British-born Canadian actor Greg Kramer returns to Ottawa’s National Arts Centre (NAC) on Dec 9, as Mr Brownlow in a new production of Lionel Bart’s Tony-winning musical Oliver!
Kramer insists he’s not intimidated by playing the NAC. “No, it’s a lovely little cabaret space!” he laughs. “I’ve been here a few times, yeah.”
In fact he’s performed on stages right across the country and around the world in his 30-year career. He immigrated to Canada from the UK in 1981 “because of Maggie Thatcher,” he says. “The [company I was with got axed completely after being in existence for 13 years, so I went to Vancouver.”
Over the next quarter-century, Kramer lived in Montreal and Toronto, too. He earned raves in the title role in Richard III at Vancouver’s Firehall Theatre in 1984. He played Petruchio in Taming of the Shrew at the Ottawa Shakespeare Festival a decade later, and made headlines as the Devil-dog in Peter Hinton’s production of The Witch of Edmonton at Harbourfront in Toronto in 1993. But Kramer says working with living legend Christopher Plummer on The Tempest at the Stratford Festival in 2010 is one of his all-time favourite jobs.
“Plummer is incredible, an unbelievable professional,” he says. “If something would go wrong one night it would be corrected the next . . . He knows what everyone in the room is doing. But it wasn’t intimidating working with him because he is really friendly and very open. Given his age and how well he has kept himself, he is an inspiration.”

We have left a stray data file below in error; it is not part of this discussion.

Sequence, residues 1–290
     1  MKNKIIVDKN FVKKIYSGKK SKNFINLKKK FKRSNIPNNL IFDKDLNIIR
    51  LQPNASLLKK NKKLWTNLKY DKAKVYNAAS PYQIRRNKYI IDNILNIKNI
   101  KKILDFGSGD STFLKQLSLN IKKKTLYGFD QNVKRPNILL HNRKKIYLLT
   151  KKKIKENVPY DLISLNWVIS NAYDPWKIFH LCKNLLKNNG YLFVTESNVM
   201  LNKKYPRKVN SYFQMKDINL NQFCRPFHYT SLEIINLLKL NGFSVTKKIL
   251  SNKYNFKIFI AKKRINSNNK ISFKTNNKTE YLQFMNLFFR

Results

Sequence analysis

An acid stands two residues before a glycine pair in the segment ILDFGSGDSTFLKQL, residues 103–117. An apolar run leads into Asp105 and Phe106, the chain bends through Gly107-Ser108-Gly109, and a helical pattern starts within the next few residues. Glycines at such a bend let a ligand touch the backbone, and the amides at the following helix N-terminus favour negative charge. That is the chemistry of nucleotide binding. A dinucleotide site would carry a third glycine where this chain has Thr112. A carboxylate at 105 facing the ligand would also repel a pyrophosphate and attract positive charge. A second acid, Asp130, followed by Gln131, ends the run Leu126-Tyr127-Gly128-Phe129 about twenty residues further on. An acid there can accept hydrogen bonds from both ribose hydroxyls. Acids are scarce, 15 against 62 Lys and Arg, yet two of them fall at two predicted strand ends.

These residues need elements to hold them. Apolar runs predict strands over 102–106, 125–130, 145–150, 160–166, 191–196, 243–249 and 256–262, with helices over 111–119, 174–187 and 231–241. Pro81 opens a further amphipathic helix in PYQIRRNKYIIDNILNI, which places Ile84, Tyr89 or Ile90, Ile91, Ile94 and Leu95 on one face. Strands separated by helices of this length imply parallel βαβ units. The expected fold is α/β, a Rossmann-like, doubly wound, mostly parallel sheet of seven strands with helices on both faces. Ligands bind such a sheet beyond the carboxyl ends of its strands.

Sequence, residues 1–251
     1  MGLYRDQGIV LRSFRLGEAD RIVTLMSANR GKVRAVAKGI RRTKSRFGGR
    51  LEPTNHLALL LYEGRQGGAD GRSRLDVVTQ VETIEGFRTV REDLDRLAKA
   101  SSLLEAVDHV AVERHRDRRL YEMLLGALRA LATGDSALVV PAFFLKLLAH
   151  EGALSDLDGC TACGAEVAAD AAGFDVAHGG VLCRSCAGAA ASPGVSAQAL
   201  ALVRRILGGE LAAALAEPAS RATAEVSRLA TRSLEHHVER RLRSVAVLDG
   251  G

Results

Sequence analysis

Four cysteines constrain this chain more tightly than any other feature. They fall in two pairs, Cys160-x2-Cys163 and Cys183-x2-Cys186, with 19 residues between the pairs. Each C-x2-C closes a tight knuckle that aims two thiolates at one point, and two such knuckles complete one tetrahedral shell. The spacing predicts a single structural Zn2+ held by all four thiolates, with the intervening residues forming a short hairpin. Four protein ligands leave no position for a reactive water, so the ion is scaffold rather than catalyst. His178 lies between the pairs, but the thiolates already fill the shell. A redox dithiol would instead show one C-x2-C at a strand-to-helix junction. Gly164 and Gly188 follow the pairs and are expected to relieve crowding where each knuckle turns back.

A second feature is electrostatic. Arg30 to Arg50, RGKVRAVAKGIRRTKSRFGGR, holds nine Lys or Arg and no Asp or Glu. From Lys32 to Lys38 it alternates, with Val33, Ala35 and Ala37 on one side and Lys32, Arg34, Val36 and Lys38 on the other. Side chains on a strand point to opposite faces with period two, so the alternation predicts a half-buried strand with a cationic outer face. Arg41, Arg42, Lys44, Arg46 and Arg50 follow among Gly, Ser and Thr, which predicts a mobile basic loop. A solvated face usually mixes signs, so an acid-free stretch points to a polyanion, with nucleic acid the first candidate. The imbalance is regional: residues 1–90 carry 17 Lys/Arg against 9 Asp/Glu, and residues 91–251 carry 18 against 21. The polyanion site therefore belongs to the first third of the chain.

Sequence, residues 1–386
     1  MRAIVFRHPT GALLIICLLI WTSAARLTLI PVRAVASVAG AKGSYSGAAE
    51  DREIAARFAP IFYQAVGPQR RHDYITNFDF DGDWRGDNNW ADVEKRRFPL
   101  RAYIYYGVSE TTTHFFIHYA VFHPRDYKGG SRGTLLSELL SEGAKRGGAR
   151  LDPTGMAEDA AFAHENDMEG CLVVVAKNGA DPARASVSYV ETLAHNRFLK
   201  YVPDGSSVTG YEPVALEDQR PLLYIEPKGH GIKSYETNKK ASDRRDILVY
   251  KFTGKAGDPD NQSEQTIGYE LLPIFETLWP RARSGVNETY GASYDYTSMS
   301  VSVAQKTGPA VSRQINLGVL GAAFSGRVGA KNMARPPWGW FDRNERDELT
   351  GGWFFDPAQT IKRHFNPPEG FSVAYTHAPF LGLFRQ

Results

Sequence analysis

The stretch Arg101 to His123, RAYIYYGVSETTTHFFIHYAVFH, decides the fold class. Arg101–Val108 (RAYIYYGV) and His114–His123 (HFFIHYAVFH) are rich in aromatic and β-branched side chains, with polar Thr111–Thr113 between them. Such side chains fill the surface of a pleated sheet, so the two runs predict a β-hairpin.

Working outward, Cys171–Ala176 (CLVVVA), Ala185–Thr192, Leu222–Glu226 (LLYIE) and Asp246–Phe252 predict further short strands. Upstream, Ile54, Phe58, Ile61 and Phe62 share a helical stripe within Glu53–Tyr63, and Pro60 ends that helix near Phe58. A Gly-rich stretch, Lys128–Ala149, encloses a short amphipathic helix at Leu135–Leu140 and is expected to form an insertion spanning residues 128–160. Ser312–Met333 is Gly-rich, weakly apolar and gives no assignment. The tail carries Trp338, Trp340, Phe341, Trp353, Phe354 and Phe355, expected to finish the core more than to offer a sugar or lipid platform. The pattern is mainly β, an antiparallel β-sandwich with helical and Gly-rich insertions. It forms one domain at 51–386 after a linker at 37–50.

Many young actors also look to Kramer for inspiration. He has written three novels and a collection of short stories called Hogtown Bonbons, culled from his old biweekly fiction column in Xtra. He voices characters in cartoons like Arthur; and he appeared regularly on such TV shows as Forever Knight, John Woo’s Once a Thief and Tales from the Neverending Story.
Kramer also appeared in Todd Haynes’ 2007 Bob Dylan biopic I’m Not There, which was shot in Montreal. That film boasted an incredible cast: Cate Blanchett, Ben Wishaw, Christian Bale, Heath Ledger, Richie Havens, Bruce Greenwood, Michelle Williams, Christian Bale, Kris Kristofferson, Julianne Moore and Richard Gere.
“There was so much respect and good feelings on the set because we were doing that film for the art and not for the money,” Kramer says.
He says it was especially thrilling to work with out director Todd Haynes. “It’s so rare to work with openly gay actors and directors in the movies.”
But does Kramer believe his being an out gay man has affected his career? “What career are you talking about?” he replies with characteristic good humour.
“Had I wanted to be a film or TV actor, I might have thought more carefully about being openly gay,” he says. “Maybe if more high-level actors came out it would help. I have never compromised myself, and I still worked on three TV series and a handful of good films. But if you want to work in the commercial end of the entertainment industry and be openly gay, you’ll need to be pretty darn strong and proud.”
Kramer puts his money where his mouth is. When he directed Tennessee Williams’ Pulitzer Prize-winning play Cat on a Hot Tin Roof at Montreal’s Segal Theatre back in 2008, he put the gay subject matter front and centre where it belongs.
“It’s the sissy fucking queer version,” Kramer told me then. “We deal with homosexuality, as well as cancer. Homosexuality and cancer; those are words we whisper. But they’re both important in this play and balance each other.”
Kramer won the Montreal English Critics Circle Award for Best Director for that project.
Clearly Kramer – happiest when he is on the stage – doesn’t need Hollywood to make his dreams come true. “You can still make money in theatre,” he says. “You can. Just, obviously, not quite so much.”